JOHN DALZIEL


First published in TVT News, spring 1998. Reproduced with kind permission.

















































































Excerpt from Thorncombe Parish Workhouse accounts book for 1-15 August 1736.

Purchases include carrots,  cheese, sugar, cake, treacle and tobacco.

(DHC  PC/THO 3.1) Reproduced with the kind permission of  Dorset History Centre and Thorncombe Parish Council.


  In 1820 The Charity Commissioners reported that the  property continues ‘to be divided according to the donor’s directions, one part being appropriated for a school and the habitation of the schoolmaster and the remainder, for a workhouse … inhabited by poor persons supported by the parish’6.  Thomas Cook’s  indenture laid down strict terms. The building was given in trust to the parish  for 2,000  years provided it was only used for purpose of education and  poor relief and  that the parish maintained the building. Otherwise it  would revert  to Cook or his heirs.  A further passing reference to ‘the Great House’  in a letter  from parish priest Charles Egerton to Devon antiquarian Daniel Lysons  suggests that School House continued as a school and parish workhouse until at least 1821 7.

   The Overseers Accounts record that a  new  parish workhouse was set up  in 1756 8. Perhaps this is where Workhouse Farm fits the story?  Maybe  there was insufficient room at School House to house those in need of  poor  relief and Workhouse Farm took the overflow?  Further evidence regarding other Thorncombe parish properties also  used as parish workhouses is among correspondence  between the Poor Law Commission and the Guardians of the Axminster  Poor Law Union in The National Archive, further muddy this complicated  picture .


Axminster Poor Law Union


 In an attempt to reduce costs, the provision and administration of poor relief was centralised  under the Poor Law Commission in 1834. New union workhouses were set up which amalgamated several parishes under one umbrella. Tough conditions designed to persuade  able-bodied paupers to actively seek employment wherever they could find it, were also designed to force  farmers  to pay a regular living wage to maintain a  local workforce, rather than using poor relief  to subsidise the quiet times of year.

   Thorncombe’s  able-bodied parish paupers and their families were now sent to Axminster Poor Law Union workhouse.  To fund the union workhouse,  parishes had to to sell their own workhouses.  In 1837 Thorncombe sold , Forsey and Peadon’s tenements,  for £62 to mason Bernard Phelps. Parish ownership of Forsey’s dates back to 1636 and Peadon’s to 1726 9,10. However no mention is made of School House which suggests it may have been disposed of prior to 1837.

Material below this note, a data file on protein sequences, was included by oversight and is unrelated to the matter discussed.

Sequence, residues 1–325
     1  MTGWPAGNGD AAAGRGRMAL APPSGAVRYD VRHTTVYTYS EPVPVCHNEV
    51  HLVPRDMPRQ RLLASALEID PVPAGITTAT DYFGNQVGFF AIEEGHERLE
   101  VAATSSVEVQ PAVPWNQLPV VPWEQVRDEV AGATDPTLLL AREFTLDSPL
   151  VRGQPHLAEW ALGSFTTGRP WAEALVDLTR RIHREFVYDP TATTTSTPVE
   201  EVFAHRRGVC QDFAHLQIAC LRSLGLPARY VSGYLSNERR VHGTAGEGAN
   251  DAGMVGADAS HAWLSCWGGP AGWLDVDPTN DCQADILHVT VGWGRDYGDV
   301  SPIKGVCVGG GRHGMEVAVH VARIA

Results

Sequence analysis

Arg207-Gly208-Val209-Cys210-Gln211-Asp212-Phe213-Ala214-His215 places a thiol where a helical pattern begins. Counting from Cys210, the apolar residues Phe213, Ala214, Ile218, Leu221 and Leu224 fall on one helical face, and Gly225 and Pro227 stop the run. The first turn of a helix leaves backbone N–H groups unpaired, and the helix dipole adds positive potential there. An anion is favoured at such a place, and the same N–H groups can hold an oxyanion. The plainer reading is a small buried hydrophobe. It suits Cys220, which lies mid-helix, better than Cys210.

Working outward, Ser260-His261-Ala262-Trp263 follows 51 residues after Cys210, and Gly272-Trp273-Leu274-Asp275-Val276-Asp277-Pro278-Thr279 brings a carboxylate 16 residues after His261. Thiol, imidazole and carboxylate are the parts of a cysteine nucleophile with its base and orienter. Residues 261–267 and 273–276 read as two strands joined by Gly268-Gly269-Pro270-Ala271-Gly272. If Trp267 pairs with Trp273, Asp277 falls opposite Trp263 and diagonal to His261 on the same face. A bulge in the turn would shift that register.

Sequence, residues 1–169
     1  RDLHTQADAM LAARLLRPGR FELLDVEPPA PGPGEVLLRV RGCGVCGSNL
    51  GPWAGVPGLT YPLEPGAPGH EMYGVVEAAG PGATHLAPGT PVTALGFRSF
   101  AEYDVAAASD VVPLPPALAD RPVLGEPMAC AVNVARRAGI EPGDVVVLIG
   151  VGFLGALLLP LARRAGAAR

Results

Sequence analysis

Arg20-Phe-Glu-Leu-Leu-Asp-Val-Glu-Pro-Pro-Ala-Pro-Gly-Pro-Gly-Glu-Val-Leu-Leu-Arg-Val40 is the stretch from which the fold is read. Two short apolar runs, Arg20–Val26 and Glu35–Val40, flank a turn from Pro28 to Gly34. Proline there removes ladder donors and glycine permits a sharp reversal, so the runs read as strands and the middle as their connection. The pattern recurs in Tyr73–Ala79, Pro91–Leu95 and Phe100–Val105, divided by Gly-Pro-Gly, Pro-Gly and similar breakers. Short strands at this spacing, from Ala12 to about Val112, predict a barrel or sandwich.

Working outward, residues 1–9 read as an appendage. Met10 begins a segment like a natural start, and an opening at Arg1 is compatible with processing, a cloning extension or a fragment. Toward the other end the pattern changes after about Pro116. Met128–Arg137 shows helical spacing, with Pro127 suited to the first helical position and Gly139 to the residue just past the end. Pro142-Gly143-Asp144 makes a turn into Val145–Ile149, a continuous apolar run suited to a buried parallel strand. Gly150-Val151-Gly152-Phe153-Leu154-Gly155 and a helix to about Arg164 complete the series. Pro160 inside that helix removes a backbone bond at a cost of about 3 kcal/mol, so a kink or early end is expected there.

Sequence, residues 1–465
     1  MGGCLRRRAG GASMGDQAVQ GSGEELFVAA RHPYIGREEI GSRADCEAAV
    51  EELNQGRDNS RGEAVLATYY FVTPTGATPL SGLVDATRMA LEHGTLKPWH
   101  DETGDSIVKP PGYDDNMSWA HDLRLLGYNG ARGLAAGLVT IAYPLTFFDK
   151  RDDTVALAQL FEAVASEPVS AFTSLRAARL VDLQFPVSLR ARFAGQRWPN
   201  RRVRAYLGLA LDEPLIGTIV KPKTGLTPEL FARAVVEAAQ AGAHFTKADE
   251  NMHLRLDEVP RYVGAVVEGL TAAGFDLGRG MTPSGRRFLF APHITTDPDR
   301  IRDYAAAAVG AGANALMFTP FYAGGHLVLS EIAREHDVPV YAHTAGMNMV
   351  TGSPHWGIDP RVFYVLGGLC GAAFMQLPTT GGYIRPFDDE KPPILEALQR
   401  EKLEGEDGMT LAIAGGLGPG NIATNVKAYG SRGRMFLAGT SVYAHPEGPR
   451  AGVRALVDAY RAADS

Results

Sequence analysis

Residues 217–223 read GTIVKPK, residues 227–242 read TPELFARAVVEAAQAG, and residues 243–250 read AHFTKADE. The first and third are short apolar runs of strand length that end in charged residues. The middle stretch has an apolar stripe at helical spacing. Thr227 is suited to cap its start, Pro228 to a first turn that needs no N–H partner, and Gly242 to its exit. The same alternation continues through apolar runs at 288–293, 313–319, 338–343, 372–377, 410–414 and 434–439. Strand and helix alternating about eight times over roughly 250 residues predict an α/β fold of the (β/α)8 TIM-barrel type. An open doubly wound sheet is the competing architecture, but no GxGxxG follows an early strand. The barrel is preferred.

Vestry Resolution Form dated 21 June 1837, relating to the sale of Thorncombe Parish Workhouse.

(TNA Ref: MH12/2095/179)  © The National Archives. Reproduced with kind permission.


Reference to the 1839 Tithe Map and the 1841 Census tentatively locates  the  tenements  on Fore Street, with Forsey’s on the site of Jubilee House, and Peadon’s among  buildings near the Old Crown 11,12 . Outgoings in the 18th century accounts  indicate that  these properties were  also used as parish workhouses .

   Poor House Yard,  marked next to the School House in Chard Street, opposite the church  on the 1839 Tithe Map may have been used for elderly paupers who were initially maintained in the parish following the establishment of  union  workhouses.   It is possible that  Peadons and Forsey’s were also to house Thorncombe’s needy old folks at various times in the 17th and 18th centuries.


REFERENCES


1. Stoate, T. (1982), Devon Hearth Tax Return, Lady Day 1674, Bristol, T.L.Stoate, pp. 14-15

2. DHC  PC/THO RE1.2 Thorncombe Parish Register 1734

3. TNA PROB 11/759 Will of Thomas Cook 1747

4. http://www.opcdorset.org/ThorncombeFiles/ThorncombeWills.htm (accessed 22.08.2011)

5. DHC PC/THO 3.5 Thorncombe Parish  Overseers of the Poor Workhouse accounts 1734-44

6. 1820 (312) Coms.  of Inquiry into Charities in England and Walles, Fourth Report, Appendix, pp. 30-31

7. BL  Add. MSS. 9427,  p. 116

8. DHC PC/THO 3.1 Thorncombe Parish Overseers of the Poor account books 1722-47

9. TNA MH12/2095/155 Internal memorandum Thorncombe Parish

10. TNA MH12/2095/176 Sale of Parish Property Form 8 … Thorncombe Parish Workhouse

11. DHC  PE/THO Thorncombe  Parish tithe map & apportionment 1841

12. Transcription of  Thorncombe Parish 1841 Census http://www.opcdorset.org/ThorncombeFiles/1841Thorncombe.htm  (accessed 21.08.2011)


ABBREVIATIONS


DHC: Dorset History Centre

DRO: Devon Records Office

TNA: The National Archive


© EVE HIGGS

August 2011




Thorncombe Village Trust